HMRC has defended an 8% fall in extra tax revenue for 2012-13 from its ‘large business service’ - its lowest level since 2006-7 and a 25% drop on 2010-11, reports Harris & Co chartered accountants.
Figures obtained by Pinsent Masons, the international law firm, show that HMRC’s large business service, which deals with the UK’s 770 largest companies, collected an extra £3.17bn in tax in 2012-13 (year ending March 31) from compliance activity relating to corporation tax.
Jason Collins, head of tax at Pinsent Masons, says: ‘The lower yield from these investigations into big businesses and their corporation tax bills may be seen by some as a poor result for HMRC. Certainly some single interest groups that have been critical of the amount of tax paid by big businesses are going to be disappointed and of course the Treasury needs to increase the tax take where it can.’The number of businesses investigated by HMRC over underpaid corporation tax in 2012-13 was 405, down 9% from 444 in the previous year.
The contentious issue of corporation tax reached a crescendo last year when it emerged that global companies such as Starbucks, Google and Amazon, had been paying little or no corporation tax at all.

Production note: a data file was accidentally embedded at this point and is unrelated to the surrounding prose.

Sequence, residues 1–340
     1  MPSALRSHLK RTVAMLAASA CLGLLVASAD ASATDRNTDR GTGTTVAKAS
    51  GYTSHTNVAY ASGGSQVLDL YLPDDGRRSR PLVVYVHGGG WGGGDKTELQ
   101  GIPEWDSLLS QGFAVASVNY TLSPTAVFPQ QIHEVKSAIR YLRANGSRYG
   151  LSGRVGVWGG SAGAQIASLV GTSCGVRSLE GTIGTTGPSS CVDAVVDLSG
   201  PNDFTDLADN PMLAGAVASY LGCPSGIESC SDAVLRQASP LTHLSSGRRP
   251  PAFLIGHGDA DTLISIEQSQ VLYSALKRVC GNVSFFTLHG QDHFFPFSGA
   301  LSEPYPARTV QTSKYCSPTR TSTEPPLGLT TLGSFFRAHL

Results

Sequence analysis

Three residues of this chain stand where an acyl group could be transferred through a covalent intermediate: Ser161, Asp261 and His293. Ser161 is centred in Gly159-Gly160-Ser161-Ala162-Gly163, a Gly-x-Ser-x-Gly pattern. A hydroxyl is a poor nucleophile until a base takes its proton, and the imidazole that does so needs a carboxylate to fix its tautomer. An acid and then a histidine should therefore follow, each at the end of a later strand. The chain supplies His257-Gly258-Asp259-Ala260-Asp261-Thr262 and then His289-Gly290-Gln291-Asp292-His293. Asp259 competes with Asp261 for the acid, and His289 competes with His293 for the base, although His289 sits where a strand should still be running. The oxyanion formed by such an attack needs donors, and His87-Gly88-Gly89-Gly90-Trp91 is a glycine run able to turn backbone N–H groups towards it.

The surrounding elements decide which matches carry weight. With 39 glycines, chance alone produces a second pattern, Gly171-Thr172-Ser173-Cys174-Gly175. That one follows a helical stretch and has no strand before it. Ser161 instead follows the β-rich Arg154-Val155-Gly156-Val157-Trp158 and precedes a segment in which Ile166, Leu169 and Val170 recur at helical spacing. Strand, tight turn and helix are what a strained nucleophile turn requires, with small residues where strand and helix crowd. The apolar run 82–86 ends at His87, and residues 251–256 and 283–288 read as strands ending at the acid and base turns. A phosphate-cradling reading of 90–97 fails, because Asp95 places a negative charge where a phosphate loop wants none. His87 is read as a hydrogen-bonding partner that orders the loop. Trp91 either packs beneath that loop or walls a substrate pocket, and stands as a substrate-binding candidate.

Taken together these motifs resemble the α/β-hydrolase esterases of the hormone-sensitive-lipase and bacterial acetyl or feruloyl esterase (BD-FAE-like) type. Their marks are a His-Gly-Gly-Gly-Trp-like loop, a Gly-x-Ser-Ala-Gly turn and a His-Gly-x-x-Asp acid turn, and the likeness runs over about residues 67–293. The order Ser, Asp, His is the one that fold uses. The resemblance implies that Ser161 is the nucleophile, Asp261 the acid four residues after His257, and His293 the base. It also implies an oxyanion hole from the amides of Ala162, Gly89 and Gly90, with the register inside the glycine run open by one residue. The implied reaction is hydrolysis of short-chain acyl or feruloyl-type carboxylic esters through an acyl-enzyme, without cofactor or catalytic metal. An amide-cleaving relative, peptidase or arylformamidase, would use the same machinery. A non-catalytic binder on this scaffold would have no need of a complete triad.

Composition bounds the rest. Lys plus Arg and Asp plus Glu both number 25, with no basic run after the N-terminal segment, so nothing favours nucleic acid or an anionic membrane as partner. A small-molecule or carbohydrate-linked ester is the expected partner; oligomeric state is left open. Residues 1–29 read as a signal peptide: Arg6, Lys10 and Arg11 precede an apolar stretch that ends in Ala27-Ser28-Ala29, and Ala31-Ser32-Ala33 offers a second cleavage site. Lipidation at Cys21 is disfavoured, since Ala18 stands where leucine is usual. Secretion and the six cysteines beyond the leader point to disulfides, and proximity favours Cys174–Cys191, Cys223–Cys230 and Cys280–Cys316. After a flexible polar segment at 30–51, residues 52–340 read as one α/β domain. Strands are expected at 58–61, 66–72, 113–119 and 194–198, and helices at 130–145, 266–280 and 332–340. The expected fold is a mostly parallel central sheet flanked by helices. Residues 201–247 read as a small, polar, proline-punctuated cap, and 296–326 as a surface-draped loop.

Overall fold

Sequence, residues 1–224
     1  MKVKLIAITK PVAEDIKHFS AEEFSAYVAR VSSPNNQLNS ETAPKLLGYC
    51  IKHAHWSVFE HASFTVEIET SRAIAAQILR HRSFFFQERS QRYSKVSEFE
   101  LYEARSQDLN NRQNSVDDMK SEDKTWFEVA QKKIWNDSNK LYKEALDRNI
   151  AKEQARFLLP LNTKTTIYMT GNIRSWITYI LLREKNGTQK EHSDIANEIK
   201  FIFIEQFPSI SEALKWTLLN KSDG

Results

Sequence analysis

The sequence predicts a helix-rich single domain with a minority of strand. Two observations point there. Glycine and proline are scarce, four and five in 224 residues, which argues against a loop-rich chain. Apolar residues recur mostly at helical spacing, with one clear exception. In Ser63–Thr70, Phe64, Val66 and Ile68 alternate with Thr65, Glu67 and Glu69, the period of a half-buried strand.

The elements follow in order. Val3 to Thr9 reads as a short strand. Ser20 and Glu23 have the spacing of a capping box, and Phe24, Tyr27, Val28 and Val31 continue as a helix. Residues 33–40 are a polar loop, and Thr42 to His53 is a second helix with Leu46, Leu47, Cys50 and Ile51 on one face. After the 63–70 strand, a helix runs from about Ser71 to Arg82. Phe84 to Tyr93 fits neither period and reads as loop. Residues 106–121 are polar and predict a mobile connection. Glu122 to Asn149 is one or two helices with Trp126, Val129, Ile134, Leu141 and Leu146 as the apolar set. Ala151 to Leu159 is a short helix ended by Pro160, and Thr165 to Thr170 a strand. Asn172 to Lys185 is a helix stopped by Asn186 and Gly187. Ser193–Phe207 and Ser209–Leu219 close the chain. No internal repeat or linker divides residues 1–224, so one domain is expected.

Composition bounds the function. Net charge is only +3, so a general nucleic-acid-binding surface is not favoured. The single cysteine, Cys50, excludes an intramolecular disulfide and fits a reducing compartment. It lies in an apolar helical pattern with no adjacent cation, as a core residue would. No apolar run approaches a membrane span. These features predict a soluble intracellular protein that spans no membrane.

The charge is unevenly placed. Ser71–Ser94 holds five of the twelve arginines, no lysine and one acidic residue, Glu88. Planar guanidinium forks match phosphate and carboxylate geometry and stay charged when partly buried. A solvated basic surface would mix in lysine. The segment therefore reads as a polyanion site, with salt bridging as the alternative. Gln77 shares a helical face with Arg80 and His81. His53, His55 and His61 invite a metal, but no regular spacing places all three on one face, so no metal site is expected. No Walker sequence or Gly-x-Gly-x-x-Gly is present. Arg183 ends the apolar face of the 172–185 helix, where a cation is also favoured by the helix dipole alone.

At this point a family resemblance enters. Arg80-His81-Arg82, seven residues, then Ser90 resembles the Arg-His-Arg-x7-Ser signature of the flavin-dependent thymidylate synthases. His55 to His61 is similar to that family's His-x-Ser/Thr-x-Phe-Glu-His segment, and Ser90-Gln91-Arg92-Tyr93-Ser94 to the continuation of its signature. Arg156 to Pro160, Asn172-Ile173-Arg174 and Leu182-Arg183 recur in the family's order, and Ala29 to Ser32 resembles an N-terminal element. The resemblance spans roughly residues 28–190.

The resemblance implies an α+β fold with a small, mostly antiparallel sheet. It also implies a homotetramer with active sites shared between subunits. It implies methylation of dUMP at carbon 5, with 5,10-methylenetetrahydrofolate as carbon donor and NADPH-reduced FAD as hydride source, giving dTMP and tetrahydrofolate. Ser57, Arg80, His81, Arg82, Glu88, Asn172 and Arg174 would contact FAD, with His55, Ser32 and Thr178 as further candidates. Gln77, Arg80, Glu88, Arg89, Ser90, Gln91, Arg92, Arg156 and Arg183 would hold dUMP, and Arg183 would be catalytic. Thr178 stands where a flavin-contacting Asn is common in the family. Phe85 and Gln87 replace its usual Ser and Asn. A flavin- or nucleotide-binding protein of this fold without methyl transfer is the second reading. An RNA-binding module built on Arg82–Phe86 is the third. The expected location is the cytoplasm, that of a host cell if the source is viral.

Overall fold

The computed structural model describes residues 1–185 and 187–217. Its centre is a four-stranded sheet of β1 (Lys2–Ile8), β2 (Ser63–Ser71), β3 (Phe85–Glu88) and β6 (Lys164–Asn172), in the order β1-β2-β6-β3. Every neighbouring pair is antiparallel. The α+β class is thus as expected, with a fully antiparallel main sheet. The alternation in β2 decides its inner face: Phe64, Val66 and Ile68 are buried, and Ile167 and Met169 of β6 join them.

But an HMRC spokesman, said: ‘HMRC"s job is to enforce the large business tax rules as passed by Parliament. We do this extremely effectively, bringing in £23bn additional revenues from large businesses since 2010 alone.
‘HMRC exceeded its target for additional revenue raised from large businesses as a whole in 2012/13 and we have year-on-year increases in our targets for the next 2 years. The actual amount of yield will naturally fluctuate from year to year, depending particularly on major cases where enquiries are ongoing.’
Collins added that a fall in the compliance tax take ‘may be caused by reforms to corporation tax that make the avoidance of corporation tax less important and less attractive to businesses’.
At Budget 2013 the Government announced it would introduce a single unified rate of 20% from April 2015, in support of its objective to have the most competitive Corporation Tax system in the G20 group of countries.
Collins said: ‘When the corporation tax rate was 30% many businesses were going to great lengths to work around what was seen as an unfairly onerous tax bill. However, as the rate has been lowered, the tax simplified, and lower tax rates promised for the future, the need to avoid this tax has been reduced.
‘Anyone who has seen HMRC at work whilst investigating a company will know that they do not pull their punches. HMRC has done a lot of field work over the last decade to reduce the size of the market for aggressive corporate tax planning.’
HMRC achieved a record £4.1bn in extra revenue from challenging large businesses over how much corporation tax they pay in 2010-11.